Forks 'n' flicks

Movies, microbrews, and meals to go with them.

AURORA CINEMA GRILL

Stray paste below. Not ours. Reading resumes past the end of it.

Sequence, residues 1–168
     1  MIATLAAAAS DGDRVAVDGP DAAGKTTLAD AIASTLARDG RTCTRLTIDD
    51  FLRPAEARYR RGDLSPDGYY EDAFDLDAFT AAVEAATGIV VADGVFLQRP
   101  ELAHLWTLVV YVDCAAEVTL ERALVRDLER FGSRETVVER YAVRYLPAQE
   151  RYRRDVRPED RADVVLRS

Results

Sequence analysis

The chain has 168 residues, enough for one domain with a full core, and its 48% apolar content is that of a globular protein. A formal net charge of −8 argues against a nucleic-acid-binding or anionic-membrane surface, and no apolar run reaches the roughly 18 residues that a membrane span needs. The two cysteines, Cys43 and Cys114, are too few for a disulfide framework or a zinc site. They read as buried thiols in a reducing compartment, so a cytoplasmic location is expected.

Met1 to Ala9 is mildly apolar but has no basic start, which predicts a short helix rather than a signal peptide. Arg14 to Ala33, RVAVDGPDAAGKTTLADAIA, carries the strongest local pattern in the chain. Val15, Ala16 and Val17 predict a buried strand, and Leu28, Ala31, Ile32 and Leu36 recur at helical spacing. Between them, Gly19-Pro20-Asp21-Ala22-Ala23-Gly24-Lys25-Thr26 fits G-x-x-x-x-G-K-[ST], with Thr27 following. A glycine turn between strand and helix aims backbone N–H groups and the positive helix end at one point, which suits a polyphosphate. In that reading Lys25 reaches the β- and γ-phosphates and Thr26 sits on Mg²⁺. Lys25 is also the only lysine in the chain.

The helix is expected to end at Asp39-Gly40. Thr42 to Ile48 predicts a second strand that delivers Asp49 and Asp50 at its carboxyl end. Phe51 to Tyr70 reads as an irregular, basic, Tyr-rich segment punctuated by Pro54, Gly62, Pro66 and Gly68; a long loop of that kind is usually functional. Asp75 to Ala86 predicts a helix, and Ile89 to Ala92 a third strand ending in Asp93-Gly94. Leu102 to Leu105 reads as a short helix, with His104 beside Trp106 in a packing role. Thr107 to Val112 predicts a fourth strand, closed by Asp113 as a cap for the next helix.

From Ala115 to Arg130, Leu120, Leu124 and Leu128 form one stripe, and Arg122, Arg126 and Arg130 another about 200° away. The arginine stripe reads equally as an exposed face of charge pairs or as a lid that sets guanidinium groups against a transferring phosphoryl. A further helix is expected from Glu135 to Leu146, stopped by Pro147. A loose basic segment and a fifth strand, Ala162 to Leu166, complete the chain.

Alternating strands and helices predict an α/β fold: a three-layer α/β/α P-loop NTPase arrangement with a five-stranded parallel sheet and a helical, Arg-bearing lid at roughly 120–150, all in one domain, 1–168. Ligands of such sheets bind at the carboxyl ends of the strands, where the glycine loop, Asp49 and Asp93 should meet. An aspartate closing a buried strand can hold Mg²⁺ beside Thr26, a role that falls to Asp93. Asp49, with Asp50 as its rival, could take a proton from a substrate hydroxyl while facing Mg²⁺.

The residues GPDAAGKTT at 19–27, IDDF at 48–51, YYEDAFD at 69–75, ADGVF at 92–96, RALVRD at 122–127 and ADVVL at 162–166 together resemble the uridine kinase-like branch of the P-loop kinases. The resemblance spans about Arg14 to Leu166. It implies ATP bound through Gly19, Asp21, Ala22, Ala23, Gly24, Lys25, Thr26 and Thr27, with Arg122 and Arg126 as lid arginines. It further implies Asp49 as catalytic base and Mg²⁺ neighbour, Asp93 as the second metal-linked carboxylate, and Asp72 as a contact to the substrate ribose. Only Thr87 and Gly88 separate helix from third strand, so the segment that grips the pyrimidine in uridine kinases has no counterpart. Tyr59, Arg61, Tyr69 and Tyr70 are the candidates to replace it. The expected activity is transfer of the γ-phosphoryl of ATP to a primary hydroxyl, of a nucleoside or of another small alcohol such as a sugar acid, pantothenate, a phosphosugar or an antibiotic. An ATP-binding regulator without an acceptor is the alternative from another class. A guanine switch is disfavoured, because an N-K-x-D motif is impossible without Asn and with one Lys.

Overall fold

13000 Linden N. 364-8880 (movie times) 364-5637 (restaurant information) open every day AE, MC, V / beer and wine AT THE AURORA Cinema Grill, where you get to eat dinner while you watch a movie, you'll want to see something big and goopy like Pearl Harbor—it particularly complements the food. Lines like "Just a few American pilots are all that stand between Britain and victory in Europe!" and "Danny, get me into a damn plane!" somehow seem right with the Philly cheese steaks, jalape�oppers, and Ultimate Nachos you're confronting (the fries alone, huge and mushy, seem to exist as a kind of edible homage to the film). Since the picture itself provides all the commentary one might need on the food at the Aurora Cinema Grill, I'll let it tell the story. But first a word must be said about the setup, which may be the coolest innovation in moviegoing since Technicolor. After buying a $6 ticket at the box office (for a first-run film!), patrons proceed to the lobby, where they can order wine or beer, including a half-dozen or so microbrews. It's kind of a clandestine thrill—grabbing a cold one where you'd normally get some Junior Mints—and you can sip your drink at a table in the lobby until the host leads you into the theater about 15 minutes before show time. Inside it's just like a regular theater, with seats on four or five tiered levels. More unusual, however, are the bar seats at the front of each tier and four-person tables behind them. The swivel chairs are comfy, and the sight lines good. Waiters veer around taking orders before the film, when possible, but distractions during the film are inevitable. My advice would be to go elsewhere if such interruptions will bother you, or if the film on view is so finely crafted that a second missed might cause confusion. Memento was playing here a few weeks back; I can't imagine how viewers—juggling hoagies, chardonnays, and Visa cards—made any sense of it. This is where my particular movie selection skills came in: Pearl Harbor, being the sort of movie you can miss for hours at a time with no discernable effect on story comprehension, presented no such problem. "If I die tomorrow, I want to know we lived all we could tonight!" said one doomed chump in the film; I admit that some of the food we sampled had me thinking in a similar vein. Oh, that's not fair. Nothing we tried was outright awful, except for the Buffalo wings; it was just unconscionable. An Italian hoagie ($6.95) with mozzarella, provolone, salami, pepperoni, and ham tasted like a soggy pepperoni pizza with ketchup and an overabundance of bread. The cheese steak ($7.75) was a salty mush fest, with the "shaved steak," mushrooms, and onions all achieving the same general texture as the melted cheese. Though I had high hopes for the pizza—which is offered in a dozen different combinations, some quite sophisticated—our ham-pineapple specimen ($11.75 small, $15.25 large) was the soul of nondescription on a cardboard crust. "Danny, let's play some chicken with these Jap suckers!" I thought, sort of— and we ordered the chicken quesadilla ($7.50). Alas, cheddar, onions, and chicken have never met such a tragic end; this tasted like something I'd concoct some weary work night out of what was in the back of the fridge. Boring salsa, too. Another fowl dish, the chicken parmigiana sandwich ($7.25), was another bread party, this time filled with mushrooms, cheese, tomato sauce, and chicken. This one had flavor to recommend it, the better part of which, alas, was conveyed by the fried crust of the chicken. ON AND ON (and on) went the war, from jalape�oppers ($6.75), gooey as a Costco aisle on a Saturday afternoon, to a shrimp artichoke salad ($7.75) that was missing the artichokes. "Ma'am, please don't take my wings!" begged Ben Affleck, but we would happily have given him ours. I don't often order Buffalo wings ($7.95), but I'm guessing they're not supposed to taste like vinegar. A few dishes somewhat redeemed the experience. An Athenian salad ($7.50) was hearty with onions, green peppers, olives, tomatoes, pepperoncini, and a ton of feta in a fiercely tangy dressing. A burger ($6.50) was a hefty 8-ouncer, with all the trimmings. So the meat tasted bread-enhanced; like meatloaf—the beef equivalent of particleboard— it was nonetheless satisfying. And the desserts! "Loving you kept me alive!" A warm apple dumpling ($5.95) featured a cinnamony apple cozily encased in fried pastry and topped with ice cream; the mile-high fudge brownie ($6.50) was delectable goo. The servers who brought these delights were ever friendly, but it must be remarked that, in all the time it took the hero to die, get betrayed by his best friend, come back to life, and play chicken with those Jap suckers, we sat without a wine refill. However—considering the fact that we were sitting comfortably for the first time ever in a movie theater, eating something higher on the food chain than popcorn and Goobers, slipping into the happy inebriation that can make movies like Pearl Harbor entertaining—ineffective service and bad food felt like picky complaints. We found that if we didn't reflect upon art-house cafe/theaters, such as those that have long thrived in Portland, we enjoyed ourselves just fine. Look at it this way: Plenty of places in town serve ordinary food—but how many will give you a terrible movie to go with it? krobinson@seattleweekly.com

 
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